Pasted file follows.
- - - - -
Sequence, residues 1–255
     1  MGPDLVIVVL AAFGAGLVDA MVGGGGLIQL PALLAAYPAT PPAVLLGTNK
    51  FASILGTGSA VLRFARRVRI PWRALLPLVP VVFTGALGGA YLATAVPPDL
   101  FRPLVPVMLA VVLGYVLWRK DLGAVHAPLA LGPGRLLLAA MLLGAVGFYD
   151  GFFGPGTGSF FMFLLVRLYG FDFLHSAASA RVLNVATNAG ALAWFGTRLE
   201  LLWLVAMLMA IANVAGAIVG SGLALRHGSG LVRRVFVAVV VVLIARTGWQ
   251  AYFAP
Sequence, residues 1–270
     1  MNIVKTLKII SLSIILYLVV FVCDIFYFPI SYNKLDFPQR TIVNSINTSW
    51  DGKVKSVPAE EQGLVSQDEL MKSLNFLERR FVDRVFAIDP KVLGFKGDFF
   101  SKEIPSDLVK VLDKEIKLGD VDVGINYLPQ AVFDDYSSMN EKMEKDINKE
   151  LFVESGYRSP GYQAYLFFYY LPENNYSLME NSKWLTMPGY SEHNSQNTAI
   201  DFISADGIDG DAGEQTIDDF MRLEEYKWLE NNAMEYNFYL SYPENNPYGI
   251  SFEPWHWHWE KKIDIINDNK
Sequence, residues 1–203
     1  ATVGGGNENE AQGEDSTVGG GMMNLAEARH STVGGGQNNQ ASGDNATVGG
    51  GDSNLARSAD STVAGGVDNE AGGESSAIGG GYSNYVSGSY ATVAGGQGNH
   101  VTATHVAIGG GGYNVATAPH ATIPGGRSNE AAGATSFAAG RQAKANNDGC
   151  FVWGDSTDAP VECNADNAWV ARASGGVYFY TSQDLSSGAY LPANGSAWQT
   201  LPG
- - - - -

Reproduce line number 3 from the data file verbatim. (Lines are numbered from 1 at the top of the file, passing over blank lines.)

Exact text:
    51  FASILGTGSA VLRFARRVRI PWRALLPLVP VVFTGALGGA YLATAVPPDL